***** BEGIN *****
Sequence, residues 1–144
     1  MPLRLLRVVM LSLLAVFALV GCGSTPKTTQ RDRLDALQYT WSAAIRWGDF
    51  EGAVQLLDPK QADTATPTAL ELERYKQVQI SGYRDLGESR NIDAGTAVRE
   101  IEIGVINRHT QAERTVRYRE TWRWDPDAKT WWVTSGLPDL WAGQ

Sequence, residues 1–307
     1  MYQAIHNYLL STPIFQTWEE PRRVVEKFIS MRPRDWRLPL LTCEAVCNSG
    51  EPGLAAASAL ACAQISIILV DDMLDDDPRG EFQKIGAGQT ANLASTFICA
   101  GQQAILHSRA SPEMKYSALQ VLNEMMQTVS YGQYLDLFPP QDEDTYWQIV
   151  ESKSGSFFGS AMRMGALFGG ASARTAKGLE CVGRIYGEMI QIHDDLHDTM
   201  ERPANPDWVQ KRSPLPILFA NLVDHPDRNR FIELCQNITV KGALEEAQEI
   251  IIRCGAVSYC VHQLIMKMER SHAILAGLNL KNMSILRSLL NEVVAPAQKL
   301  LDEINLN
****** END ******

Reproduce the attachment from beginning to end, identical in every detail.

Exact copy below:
Sequence, residues 1–144
     1  MPLRLLRVVM LSLLAVFALV GCGSTPKTTQ RDRLDALQYT WSAAIRWGDF
    51  EGAVQLLDPK QADTATPTAL ELERYKQVQI SGYRDLGESR NIDAGTAVRE
   101  IEIGVINRHT QAERTVRYRE TWRWDPDAKT WWVTSGLPDL WAGQ

Sequence, residues 1–307
     1  MYQAIHNYLL STPIFQTWEE PRRVVEKFIS MRPRDWRLPL LTCEAVCNSG
    51  EPGLAAASAL ACAQISIILV DDMLDDDPRG EFQKIGAGQT ANLASTFICA
   101  GQQAILHSRA SPEMKYSALQ VLNEMMQTVS YGQYLDLFPP QDEDTYWQIV
   151  ESKSGSFFGS AMRMGALFGG ASARTAKGLE CVGRIYGEMI QIHDDLHDTM
   201  ERPANPDWVQ KRSPLPILFA NLVDHPDRNR FIELCQNITV KGALEEAQEI
   251  IIRCGAVSYC VHQLIMKMER SHAILAGLNL KNMSILRSLL NEVVAPAQKL
   301  LDEINLN